The years since the mid-1970s have been an unusual and disquieting period. Even before the events of last October 19 there was a growing sense that something was not quite right in America’s economic life. The system appears no longer to be working as it should.
On economic matters, we seem to be governing ourselves less adequately than at any time since World War II; sometimes we seem to be confronted by factors and forces that we cannot quite understand, let alone predict or correct. We find ourselves more and more in an environment of unaccustomed economic uncertainty and instability, both at home and abroad, and with no real consensus on what is happening, what is causing it, or what should be done next.
In the postwar period we often confronted severe economic challenges at home and abroad, and we met them—not always perfectly, but certainly quite adequately and, in fact, rather well. Our domestic economic policies enjoyed a broad degree of support and met our needs. We created new international institutions and, on balance, they did the job. The depth of our problems was not an impediment to effective economic management and positive progress.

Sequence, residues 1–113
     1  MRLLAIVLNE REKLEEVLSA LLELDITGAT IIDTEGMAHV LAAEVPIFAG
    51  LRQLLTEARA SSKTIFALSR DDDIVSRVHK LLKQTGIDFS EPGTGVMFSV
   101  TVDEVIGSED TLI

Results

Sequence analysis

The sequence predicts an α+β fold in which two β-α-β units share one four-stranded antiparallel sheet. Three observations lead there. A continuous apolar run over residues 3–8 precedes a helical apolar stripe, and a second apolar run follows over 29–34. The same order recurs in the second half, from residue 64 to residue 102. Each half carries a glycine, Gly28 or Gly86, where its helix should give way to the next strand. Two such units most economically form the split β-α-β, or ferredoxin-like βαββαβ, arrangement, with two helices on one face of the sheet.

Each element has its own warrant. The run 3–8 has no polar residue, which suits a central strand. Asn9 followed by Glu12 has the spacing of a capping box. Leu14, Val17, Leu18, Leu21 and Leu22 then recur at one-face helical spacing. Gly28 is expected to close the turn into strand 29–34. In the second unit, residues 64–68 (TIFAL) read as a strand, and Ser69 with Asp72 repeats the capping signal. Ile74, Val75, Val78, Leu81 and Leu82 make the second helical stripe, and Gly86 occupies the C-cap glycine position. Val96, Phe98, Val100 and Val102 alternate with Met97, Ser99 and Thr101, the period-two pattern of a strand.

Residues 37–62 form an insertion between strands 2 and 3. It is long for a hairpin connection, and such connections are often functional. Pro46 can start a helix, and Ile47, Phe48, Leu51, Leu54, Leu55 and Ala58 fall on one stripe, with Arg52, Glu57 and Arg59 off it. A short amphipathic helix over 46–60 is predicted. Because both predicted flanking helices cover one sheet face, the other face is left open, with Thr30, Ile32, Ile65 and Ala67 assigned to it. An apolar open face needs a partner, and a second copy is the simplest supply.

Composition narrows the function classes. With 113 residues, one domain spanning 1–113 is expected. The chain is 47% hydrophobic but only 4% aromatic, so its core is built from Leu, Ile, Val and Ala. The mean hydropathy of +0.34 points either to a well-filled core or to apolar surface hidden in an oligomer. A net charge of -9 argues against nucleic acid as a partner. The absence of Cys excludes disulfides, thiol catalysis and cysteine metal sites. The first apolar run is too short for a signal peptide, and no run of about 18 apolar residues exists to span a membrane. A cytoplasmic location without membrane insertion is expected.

Can there be any doubt that we are not presently tackling the problems of the 1980s with equal understanding, imagination and success? Look first at our domestic scene:
—We are burdened with a federal budget deficit of unprecedented proportions, year in and year out, even in times of relatively satisfactory employment and growth. There is broad agreement that the risks are great, but not on much else. The nation with the world’s largest and most sophisticated economy has so far been incapable of finding a way out.
—We are running huge deficits in trade and current accounts which stubbornly fail to dissolve, even two years after our currency has been devalued relative to the world’s other principal currencies by more than 40 percent. Most predictions as to the timing of any real improvement
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